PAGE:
In a previous post, we shed light on a misconception that holds American businesses back from sending operations to an overseas location. We refuted the belief that outsourcing kills American employment. There, we explained that what really happens is the opposite—businesses that outsource a part of their overall operations are able to generate more jobs for the American public. Now, we present figures to back that up.
Finance advisory firm CreditLoan conducted a research on the same matter and affirmed the positive outlook economists have on the trend of offshoring work to countries with more affordable wages and operations costs such as the Philippines, India, China, and few emerging offshore spots in Europe. The findings deduced that the estimated 3.3 million jobs that would be moved to foreign destinations by 2015 are a mere iota of the total job count the US produces every year.
Think about it. In a nation that employs almost 200 million citizens and creates 3.5 million additional jobs annually, isn t it an exaggeration to say that the 3.3 million jobs taken away in a span of a decade caused a dent in American employment?
And consider this: 70% of the American economy is part of the service sector—people who make retail, hospitality, healthcare, and other service-providers thrive. This 70% is not vulnerable to outsourcing because their jobs take place locally and entail personal contact with customers.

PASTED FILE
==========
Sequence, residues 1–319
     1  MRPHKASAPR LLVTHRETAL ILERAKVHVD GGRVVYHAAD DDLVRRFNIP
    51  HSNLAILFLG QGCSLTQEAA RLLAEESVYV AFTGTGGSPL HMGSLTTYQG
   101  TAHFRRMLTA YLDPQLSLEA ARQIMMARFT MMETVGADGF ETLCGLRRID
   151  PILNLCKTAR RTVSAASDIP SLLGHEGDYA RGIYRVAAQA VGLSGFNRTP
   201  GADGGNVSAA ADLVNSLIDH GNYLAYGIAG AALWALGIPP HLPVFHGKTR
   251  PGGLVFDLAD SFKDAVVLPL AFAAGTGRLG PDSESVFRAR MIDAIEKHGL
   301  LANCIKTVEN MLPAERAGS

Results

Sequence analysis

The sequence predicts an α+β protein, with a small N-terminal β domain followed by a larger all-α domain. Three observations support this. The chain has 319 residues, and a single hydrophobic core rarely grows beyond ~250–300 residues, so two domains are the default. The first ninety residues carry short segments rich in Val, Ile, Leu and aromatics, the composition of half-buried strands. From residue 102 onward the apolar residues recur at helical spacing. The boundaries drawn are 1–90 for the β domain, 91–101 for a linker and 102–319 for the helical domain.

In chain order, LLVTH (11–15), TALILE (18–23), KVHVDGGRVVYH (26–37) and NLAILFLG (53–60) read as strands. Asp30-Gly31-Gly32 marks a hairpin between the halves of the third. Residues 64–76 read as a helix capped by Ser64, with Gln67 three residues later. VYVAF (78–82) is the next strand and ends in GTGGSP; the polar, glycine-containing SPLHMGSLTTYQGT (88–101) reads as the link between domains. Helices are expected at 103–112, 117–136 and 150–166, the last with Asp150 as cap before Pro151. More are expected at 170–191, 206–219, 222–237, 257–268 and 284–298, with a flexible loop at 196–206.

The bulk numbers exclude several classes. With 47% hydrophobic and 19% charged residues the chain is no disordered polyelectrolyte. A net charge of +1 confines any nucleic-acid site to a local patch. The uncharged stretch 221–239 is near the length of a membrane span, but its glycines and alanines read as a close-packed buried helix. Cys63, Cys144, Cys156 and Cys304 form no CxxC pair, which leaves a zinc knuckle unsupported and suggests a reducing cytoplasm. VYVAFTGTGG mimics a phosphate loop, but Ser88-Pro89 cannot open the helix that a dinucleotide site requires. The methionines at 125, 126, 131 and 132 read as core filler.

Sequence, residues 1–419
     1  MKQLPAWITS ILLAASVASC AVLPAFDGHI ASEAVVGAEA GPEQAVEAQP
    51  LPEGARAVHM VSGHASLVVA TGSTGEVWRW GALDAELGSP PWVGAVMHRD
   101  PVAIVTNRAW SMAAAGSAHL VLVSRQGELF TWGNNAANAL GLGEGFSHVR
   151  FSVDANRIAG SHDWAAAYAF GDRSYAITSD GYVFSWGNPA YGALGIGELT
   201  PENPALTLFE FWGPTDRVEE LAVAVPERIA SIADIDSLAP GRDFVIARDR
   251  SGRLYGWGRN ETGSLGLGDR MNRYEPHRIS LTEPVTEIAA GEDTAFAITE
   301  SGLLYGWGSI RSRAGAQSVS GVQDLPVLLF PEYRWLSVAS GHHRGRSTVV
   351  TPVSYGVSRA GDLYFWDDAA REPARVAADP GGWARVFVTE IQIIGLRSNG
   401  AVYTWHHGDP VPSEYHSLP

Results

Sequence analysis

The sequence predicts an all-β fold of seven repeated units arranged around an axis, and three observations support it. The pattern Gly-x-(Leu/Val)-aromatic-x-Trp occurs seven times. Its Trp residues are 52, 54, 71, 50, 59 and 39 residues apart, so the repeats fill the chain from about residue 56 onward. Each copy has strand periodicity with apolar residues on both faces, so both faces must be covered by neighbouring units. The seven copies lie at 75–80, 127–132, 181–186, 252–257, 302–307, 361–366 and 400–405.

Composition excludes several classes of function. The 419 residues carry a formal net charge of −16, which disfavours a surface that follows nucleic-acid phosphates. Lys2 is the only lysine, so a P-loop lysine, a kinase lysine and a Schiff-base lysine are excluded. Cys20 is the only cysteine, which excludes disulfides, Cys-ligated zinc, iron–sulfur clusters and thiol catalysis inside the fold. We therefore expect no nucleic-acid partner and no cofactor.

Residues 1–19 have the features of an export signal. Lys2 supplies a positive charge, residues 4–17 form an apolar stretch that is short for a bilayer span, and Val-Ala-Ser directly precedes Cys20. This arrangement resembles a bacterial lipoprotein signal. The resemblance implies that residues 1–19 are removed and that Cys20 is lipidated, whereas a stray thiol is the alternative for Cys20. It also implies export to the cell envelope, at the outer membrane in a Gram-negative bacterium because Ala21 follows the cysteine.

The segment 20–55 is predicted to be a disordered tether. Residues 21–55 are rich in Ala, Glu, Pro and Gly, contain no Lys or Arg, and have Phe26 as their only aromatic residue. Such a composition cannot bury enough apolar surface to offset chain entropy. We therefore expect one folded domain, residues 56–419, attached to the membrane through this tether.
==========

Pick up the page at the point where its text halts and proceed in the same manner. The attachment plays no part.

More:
University of Michigan Economics Professor James Hines agrees with the positive effects of offshoring to US employment, noting that the 10% greater foreign investment equates to 2.6% more investments in America.
And here’s how it works:
- The savings that a company makes from offshoring enable them to produce more goods with fewer resources.
- The low resources consumed let companies lower the prices of goods and free workers from less crucial tasks.
- The better prices, product quality, and workflow allow companies to grow, which means more jobs for Americans.
Of course we can’t ignore the fact that jobs were lost in the process of attaining this expansion, but as we said in the earlier post mentioned above, this is normal in a massive economy. In fact, 69% of the displaced workers due to outsourcing were reported to be fully re-employed afterwards, and at least 70% didn’t experience pay cuts.
This brings us to the conclusion that in the argument of whether or not offshoring steals employment from Americans, the overall long-term effect of the venture still outweighs the changes it caused along the way.